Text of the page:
Lead image by Annika Scurfield

By Jena Lynde-Smith

In 2020, Ottawa became the first city in Canada to declare a housing and homelessness emergency, when on any given night, an average of 1,900 people including children were staying in a shelter.

And this problem is being seen across the nation. In Canada, more than 235,000 individuals experience homelessness every year with over 30 per cent being chronically homeless — meaning they spend more than 180 days a year in emergency housing or shelters.

In collaboration with the City of Ottawa, Carleton University researcher Majid Komeili is developing an AI-powered tool that will predict an individual’s risk of becoming chronically homeless to aid in early and effective intervention.

“The tool will help social service workers provide the necessary resources in a timely manner to stabilize their housing, enhance social inclusion and ultimately reduce the likelihood of the recurrence of homelessness,” says Komeili, an associate professor in Carleton’s School of Computer Science.

“The City of Ottawa is committed to ending chronic homelessness through our 10-Year Housing and Homelessness plan. With this project, we are hoping to understand whether our administrative data can provide deeper insights into the community’s needs and how those can be addressed,” says Kale Brown, Manager of Homelessness System and Operations for the City of Ottawa.

A number of tents set up on the street

Predicting Chronic Homelessness in Ottawa 

One tactic the City’s 10-year Housing and Homelessness Plan outlines is to expand homelessness prevention by enhancing crisis response and strengthening support services.

Komeili’s work is assisting these efforts by determining the links between chronic homelessness and external factors. This research will identify patterns that can help predict who is at risk.

Majid Komeili, an associate professor in Carleton University’s School of Computer Science

“It’s important to understand what is causing homelessness in order to determine who is in urgent need of those resources,” Komeili explains. “It can also help work towards preventing it in the long-term.”

Some links they are considering include weather, seasonal changes, along with economic factors such as unemployment rates, inflation and GDP.

“No one individual, organization or level of government can address the local housing and homelessness crisis alone,” says Vinh Nguyen, Manager of Social Policy, Research and Analytics with the City.

“By working with academics and evaluating solutions through research, we can work toward making our housing and homelessness system more responsive, flexible and tailored to the emerging needs of the community.”

A photo of busy Rideau Street

AI Screening Tool for Social Services 

Komeili’s predictive work is informing the other half of his project with the City of Ottawa: an AI tool that can identify when someone is at risk for chronic homelessness.

Working with Carleton computer scientist Olga Baysal and students in Carleton’s Institute of Data Science, Komeili is developing an intelligent screening tool that is unbiased and ethical in its assessment.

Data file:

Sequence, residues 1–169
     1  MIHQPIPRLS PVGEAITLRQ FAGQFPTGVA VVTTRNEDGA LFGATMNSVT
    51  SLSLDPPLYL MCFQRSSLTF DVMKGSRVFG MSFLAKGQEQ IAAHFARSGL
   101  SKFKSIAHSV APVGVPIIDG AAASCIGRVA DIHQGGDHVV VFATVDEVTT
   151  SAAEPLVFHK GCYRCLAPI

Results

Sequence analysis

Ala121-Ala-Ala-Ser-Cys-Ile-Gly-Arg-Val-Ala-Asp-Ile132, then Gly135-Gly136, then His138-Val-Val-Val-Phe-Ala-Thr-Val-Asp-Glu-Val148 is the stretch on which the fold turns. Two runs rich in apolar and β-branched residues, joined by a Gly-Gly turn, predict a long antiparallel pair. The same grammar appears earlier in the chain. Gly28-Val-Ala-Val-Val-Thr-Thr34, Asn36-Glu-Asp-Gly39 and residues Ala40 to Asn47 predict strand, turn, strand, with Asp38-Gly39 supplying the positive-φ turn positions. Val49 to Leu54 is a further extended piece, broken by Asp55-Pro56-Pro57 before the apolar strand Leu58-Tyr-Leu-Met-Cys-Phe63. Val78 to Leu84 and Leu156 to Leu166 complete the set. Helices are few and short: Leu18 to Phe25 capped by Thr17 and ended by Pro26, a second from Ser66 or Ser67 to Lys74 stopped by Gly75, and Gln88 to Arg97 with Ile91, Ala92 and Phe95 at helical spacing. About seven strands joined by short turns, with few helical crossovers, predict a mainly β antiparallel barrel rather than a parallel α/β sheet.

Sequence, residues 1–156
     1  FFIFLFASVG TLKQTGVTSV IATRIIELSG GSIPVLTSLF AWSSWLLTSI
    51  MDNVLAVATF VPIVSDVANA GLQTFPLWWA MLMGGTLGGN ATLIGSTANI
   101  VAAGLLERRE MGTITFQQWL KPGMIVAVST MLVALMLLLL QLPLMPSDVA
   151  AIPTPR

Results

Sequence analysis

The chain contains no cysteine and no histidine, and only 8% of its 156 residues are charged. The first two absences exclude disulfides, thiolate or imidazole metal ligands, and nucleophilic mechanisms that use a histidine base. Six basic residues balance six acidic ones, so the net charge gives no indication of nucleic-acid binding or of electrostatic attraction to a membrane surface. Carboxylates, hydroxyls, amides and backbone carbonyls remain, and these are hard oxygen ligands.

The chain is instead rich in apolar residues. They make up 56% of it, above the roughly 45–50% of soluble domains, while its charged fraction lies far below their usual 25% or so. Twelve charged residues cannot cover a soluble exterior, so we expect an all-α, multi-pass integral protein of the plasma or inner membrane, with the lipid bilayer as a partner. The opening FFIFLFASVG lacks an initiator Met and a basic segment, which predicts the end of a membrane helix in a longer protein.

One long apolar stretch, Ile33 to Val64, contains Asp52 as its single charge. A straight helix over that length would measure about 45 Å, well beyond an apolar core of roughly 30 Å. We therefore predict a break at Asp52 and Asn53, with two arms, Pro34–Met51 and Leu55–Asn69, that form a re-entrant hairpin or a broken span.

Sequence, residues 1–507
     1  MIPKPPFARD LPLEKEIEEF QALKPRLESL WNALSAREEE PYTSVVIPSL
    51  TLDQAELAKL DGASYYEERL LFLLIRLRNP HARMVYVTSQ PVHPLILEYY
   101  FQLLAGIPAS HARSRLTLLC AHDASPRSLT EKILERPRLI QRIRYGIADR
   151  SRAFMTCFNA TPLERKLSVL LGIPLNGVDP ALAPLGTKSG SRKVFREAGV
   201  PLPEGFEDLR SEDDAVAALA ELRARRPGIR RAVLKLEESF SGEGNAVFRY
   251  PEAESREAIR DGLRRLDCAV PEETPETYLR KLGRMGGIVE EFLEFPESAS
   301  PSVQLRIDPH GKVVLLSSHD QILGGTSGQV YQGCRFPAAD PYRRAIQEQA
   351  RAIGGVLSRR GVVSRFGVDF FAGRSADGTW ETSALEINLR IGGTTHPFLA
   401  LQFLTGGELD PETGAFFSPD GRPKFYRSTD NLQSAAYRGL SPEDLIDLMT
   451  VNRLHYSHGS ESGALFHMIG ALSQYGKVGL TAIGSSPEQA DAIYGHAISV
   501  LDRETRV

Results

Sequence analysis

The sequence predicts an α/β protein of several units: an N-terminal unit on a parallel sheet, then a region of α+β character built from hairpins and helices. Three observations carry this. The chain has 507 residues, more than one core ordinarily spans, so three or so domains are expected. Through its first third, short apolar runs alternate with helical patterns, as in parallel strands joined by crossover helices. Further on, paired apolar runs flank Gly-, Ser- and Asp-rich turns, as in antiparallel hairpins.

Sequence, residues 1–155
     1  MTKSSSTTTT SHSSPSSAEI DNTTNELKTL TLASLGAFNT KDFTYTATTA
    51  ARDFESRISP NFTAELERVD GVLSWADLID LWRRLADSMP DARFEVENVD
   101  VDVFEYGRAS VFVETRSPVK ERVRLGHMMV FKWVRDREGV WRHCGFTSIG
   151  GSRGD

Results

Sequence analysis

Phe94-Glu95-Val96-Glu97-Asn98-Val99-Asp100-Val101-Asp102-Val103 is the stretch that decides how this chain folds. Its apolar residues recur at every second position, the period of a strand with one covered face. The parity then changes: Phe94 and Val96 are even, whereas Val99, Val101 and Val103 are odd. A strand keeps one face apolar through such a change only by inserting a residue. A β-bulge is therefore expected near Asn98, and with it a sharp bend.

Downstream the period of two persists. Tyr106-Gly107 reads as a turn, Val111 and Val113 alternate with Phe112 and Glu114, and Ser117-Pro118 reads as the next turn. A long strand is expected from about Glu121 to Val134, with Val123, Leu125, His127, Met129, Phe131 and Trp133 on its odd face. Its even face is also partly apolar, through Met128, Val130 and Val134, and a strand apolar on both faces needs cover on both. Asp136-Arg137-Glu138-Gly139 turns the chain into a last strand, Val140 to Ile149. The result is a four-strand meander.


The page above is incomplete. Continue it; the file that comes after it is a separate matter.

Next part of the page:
“It’s an assistive technology that will help social services better optimize their resources,” he says. “It’s a new tool for their toolbox.”

Currently, Ottawa homeless shelters use a digital intake system for people utilizing emergency housing. Social service workers are responsible for monitoring each person’s status – a monumental task for often under-resourced facilities.

Komeili’s tool could be implemented into the shelters’ existing database. Using individual data collected from intake forms, crosschecked against the external risk factors identified via his research, the tool could automatically rank each persons’ risk and flag those in need of urgent help to support workers.

“The system could alert anyone accessing the database to crisis cases and will provide an overview of each persons’ risk of becoming chronically homeless,” Komeili explains.

Implementing a system powered by machine-learning could prevent both human bias and error from interfering with potential care.

“An AI system can help make processes uniform and standardize the way that people receive support services, independent of the opinion of anyone who is looking at these files,” says Komeili. “The system isn’t the final decision maker. It’s a screening tool and second opinion that may help mitigate bias.”

This tool will be a key source of evidence on how the City of Ottawa can co-develop AI solutions with the homelessness support sector and their clients. The team hopes to initiate conversations with the sector in the fall of 2024.

Providing All Canadians a Place to Call Home

As outlined in Canada’s National Housing Strategy, the federal government is making access to safe, affordable and inclusive housing a priority, aiming to cut the number of people experiencing chronic homelessness in half by 2028.

By developing an AI screening tool for shelters and conducting groundbreaking research on the external factors leading to chronic homelessness, Komeili hopes his work will help with immediate intervention, as well as inform future policymaking.

“Helping with homelessness means contributing to creating a society where everyone has a place to call home, where individuals are not just statistics,” he says.

“It’s about fostering empathy, compassion and understanding, and working towards a society where no one is left behind.”

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Tuesday, May 28, 2024 in , , ,
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